Sunday, August 16, 2009
Yogurt Haven in Eagle Rock
You walk into a recently opened yogurt shop in a mini-mall on Colorado Boulevard and Rockland Avenue, next to Starbucks. The store's sign features something that looks like a spoon lifting a dollop of some type of yellow-white substance. Presumably yogurt.
The store has gray picnic tables in the middle, and benches along the big glass windows looking to the north and east. The walls are covered in layers of undulating wood screwed on top of each other. Directly in front of you is a large cup dispenser hanging on the wall to the left of five yogurt-dispensing stations, featuring the following flavors: Vanilla, Cake Batter, Cookies and Stream, Taro, Cappuccino, Pineapple, Pomegranate, Chocolate, Banana, and Tart.
To your right is a fixings station that looks like a salad bar, with various fruits, chocolate chips, gummy bears, nuts, and breakfast cereals. Also to your right is a lone attendant, standing silently behind the counter. In front of her is a small scale, hooked to the attendant's cash register.
This is the scene when you walk into Yogurt Haven, where the model is Choose-Your-Own-Adventure-In-Frozen-Yogurt-Sundaes. When you walk in for the first time, it's not immediately clear what you're supposed to do or how you're supposed to get your yogurt. The store is spacious and a bit empty inside. After a moment or two, someone at the front counter will probably explain the process: you take a yogurt cup from the dispenser (there's only one size of cup (large)), and then dispense yourself as much yogurt as you want, of whatever flavors you want. You then go over to the fixings station and pile on whatever toppings you want. You then take your yogurt cup to the cashier and put it on the scale. The price is simply by weight of your finished yogurt sundae: $0.35 an ounce. (The person at the front counter may also explain to you that the somewhat abstract undulating forms on the walls are meant to depict the hills around Eagle Rock. They may also point out the painting of the Eagle Rock itself on the bathroom door.)
On my first visit, I put together a cup of vanilla low-fat yogurt, with strawberries and blueberries. It came out to about $2.75 or so. On my most recent visit, I put together a cup with the tart non-fat yogurt, and heaped on mangoes, blueberries, kiwi fruit, and bananas. It came out to $3.50. The fruit was fresh, and the yogurt was creamy and tasty. They appear to rotate the flavors from time to time.
Eagle Rock appears to be heading toward a small-scale experiment in the effects of a competitive marketplace, with numerous pizza places (Casa Bianca, Brownstone, Capri, and now Cornerstone Pizzeria opening soon), two Vietnamese places across the street from each other (Lemongrass and Blue Hen), two Mexican restaurants a couple blocks apart (Taco Spot and CaCao) and now two frozen yogurt shops in close proximity. (We've already seen the results of two comic-book stores located directly next-door to each other -- Mini Melt won out. I can't even remember the name of the old comic book store that went out of business now -- though I did pick up an Atari simulator there before they shut down.)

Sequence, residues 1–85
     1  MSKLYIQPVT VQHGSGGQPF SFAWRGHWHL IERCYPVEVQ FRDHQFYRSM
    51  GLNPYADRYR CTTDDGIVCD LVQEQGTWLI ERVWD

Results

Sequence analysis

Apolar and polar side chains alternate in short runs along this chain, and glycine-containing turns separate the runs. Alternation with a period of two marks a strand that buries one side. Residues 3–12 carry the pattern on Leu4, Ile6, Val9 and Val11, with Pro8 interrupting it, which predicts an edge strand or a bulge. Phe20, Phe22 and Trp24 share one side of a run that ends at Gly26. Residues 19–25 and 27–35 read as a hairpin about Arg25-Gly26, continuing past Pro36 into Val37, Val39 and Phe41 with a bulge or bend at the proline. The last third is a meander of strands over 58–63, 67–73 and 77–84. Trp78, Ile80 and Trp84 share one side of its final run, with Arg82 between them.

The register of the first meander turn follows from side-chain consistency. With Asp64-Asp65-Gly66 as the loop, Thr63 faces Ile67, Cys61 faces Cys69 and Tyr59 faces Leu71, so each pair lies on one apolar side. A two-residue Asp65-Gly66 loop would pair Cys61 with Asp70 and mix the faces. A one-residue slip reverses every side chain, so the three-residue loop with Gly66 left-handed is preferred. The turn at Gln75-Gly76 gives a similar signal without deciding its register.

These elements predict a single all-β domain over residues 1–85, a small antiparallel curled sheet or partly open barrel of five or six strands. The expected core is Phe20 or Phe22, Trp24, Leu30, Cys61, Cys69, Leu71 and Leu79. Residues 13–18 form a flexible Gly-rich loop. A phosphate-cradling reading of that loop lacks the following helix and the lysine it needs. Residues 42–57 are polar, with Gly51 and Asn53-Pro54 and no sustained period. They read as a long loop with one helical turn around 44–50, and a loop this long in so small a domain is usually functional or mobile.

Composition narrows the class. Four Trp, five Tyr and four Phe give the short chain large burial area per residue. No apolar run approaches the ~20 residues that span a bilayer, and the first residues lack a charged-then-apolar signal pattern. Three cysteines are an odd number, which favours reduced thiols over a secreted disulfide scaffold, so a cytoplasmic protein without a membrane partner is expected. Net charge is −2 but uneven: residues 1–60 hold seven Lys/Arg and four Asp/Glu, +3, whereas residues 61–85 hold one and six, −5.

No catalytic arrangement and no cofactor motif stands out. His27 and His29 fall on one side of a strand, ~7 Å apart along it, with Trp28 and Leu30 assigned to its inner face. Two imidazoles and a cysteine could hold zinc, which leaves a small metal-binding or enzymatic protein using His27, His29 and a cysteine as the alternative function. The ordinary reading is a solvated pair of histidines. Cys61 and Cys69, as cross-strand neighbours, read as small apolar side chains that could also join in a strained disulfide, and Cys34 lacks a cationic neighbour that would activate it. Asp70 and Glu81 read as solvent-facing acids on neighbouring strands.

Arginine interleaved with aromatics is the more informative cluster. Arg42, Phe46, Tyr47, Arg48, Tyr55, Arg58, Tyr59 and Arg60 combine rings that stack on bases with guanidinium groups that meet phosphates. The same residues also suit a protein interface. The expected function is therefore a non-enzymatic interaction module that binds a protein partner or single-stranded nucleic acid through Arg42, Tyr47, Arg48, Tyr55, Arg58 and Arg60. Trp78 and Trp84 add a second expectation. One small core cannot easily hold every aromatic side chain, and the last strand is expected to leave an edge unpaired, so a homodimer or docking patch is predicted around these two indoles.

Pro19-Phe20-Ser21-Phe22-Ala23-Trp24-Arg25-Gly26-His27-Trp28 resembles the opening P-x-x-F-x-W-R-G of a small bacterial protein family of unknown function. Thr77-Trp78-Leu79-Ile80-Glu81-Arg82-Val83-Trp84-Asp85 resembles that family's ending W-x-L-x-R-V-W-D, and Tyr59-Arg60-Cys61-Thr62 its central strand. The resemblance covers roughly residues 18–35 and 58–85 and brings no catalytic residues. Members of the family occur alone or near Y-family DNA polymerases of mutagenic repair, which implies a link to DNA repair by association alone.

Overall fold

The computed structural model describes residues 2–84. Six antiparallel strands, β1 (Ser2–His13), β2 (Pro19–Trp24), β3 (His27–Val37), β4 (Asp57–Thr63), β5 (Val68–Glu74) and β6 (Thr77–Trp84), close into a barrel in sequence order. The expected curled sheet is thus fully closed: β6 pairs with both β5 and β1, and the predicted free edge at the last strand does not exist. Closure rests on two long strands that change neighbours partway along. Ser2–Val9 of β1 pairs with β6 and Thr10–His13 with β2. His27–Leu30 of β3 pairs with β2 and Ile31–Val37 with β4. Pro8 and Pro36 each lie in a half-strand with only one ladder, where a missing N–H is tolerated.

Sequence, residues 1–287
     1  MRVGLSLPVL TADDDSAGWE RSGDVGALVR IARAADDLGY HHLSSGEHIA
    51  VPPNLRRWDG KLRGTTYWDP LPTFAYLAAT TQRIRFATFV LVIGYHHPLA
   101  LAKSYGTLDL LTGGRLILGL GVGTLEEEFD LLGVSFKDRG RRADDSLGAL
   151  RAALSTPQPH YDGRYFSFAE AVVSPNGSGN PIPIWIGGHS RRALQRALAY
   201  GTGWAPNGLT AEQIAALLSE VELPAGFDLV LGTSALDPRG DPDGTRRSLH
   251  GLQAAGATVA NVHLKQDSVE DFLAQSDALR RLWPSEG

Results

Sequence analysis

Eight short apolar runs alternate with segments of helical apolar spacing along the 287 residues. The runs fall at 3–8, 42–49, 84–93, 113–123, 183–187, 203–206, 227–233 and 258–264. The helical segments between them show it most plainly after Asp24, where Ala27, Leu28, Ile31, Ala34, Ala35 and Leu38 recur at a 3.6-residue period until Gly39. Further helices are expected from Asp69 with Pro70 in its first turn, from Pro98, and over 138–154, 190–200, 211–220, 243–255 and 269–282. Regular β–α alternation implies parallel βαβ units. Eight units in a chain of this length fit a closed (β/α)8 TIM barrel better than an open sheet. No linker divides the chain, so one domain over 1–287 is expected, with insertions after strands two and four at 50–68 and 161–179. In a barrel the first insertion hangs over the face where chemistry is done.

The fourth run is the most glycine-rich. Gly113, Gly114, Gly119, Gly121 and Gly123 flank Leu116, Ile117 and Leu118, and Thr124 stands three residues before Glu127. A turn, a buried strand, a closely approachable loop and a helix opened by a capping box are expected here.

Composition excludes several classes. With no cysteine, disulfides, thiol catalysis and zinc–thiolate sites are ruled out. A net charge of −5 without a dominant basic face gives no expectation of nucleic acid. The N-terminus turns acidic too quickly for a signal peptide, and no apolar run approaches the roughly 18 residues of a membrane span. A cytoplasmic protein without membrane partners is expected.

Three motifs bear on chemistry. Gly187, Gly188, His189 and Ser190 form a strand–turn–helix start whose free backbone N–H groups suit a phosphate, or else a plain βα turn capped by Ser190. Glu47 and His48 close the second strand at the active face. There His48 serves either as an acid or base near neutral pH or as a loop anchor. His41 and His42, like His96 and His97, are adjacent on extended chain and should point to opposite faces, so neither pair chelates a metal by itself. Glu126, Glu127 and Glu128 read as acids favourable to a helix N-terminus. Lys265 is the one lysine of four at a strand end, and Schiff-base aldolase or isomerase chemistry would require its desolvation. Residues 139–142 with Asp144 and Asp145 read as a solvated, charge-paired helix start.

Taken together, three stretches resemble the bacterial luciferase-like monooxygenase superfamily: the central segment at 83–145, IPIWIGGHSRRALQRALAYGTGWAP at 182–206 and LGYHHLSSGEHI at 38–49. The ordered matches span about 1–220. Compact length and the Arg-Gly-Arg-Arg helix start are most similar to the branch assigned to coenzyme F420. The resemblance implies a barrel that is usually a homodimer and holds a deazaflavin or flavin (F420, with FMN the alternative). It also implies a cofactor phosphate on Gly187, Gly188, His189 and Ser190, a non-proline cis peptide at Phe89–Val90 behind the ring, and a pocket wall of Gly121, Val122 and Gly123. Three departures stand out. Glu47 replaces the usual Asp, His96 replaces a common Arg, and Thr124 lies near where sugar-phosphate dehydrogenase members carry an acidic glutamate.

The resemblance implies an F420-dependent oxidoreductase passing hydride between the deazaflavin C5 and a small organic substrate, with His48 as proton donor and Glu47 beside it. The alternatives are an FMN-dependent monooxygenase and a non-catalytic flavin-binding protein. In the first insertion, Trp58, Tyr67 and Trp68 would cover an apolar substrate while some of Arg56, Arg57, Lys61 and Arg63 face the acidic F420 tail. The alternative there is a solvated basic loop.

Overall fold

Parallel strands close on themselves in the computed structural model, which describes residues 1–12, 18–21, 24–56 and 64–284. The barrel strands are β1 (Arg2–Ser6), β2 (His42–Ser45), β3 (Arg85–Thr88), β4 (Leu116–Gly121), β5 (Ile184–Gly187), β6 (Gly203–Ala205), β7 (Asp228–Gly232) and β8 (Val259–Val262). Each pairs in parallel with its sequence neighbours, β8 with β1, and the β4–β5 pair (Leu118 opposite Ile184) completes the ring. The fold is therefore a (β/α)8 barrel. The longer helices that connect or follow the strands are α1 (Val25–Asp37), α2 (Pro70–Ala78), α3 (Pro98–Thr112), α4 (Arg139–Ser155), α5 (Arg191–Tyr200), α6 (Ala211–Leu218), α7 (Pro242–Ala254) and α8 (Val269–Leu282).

I am no worshipper of the free market or its purported Invisible Hand (long-time readers know I lean far-blue), but I think we Eagle Rockers stand to benefit from all of this close-contact competition. Casa Bianca was the only pizza game on Colorado for a while, but now Brownstone offers a very fine option, with a different taste and crust (with no hour-long wait necessary). And while Blue Dot (just down the street) offers a spare environment with two basic options (tart yogurt and acai), Yogurt Haven takes a completely different approach, offering a bevy of flavors and the do-it-yourself approach. As the different shops realize that people in the neighborhood have options, they're forced to try to compete, improve their service and food -- everyone gets better, we the consumers win, blah blah blah. (Now I'm sounding like Mitt Romney or something -- I'll put away the Econ 101 flashcards.)
My sense is that Blue Dot, with its somewhat higher prices and art-gallery aesthetic, will appeal to a slightly higher price point and fancier crowd than Yogurt Haven, which to all outward appearances, aspires to someday become a national chain. Yogurt Haven seems like it will be a bigger draw for families and kids, who will love making their own sundaes and mixing the various flavors they have there. (There's also a bit more room at Yogurt Haven than at Blue Dot.) Yogurt Haven would fit in perfectly at a place like the L.A. Zoo or the La Brea Tar Pits. (It may have less appeal for some of Eagle Rock's arm-tattoo-and-vintage-t-shirt crowd, who may not be able to take the decor, the whimsical signage, or the picnic tables.)
A few constructive suggestions: the dining area could use something more: it's a bit wide open and empty. Some pictures or posters on the walls might help. The option of a smaller cup might be helpful for those who want to limit how much yogurt they get (or their kids get). Finally, a few instructional signs could orient new visitors and help them figure out how the process works. You could have a "START HERE" sign over the cup dispenser, with an arrow showing how you proceed, step-by-step, with, perhaps a "FINISH", "FINAL STEP", or "PAY HERE" sign at the scale and cashier.
Yogurt Haven's owner, Mike, told me that the shop is currently open until 11 at night, and they hope to eventually be open till midnight. Yogurt Haven is an excellent addition to the neighborhood. The choice is yours.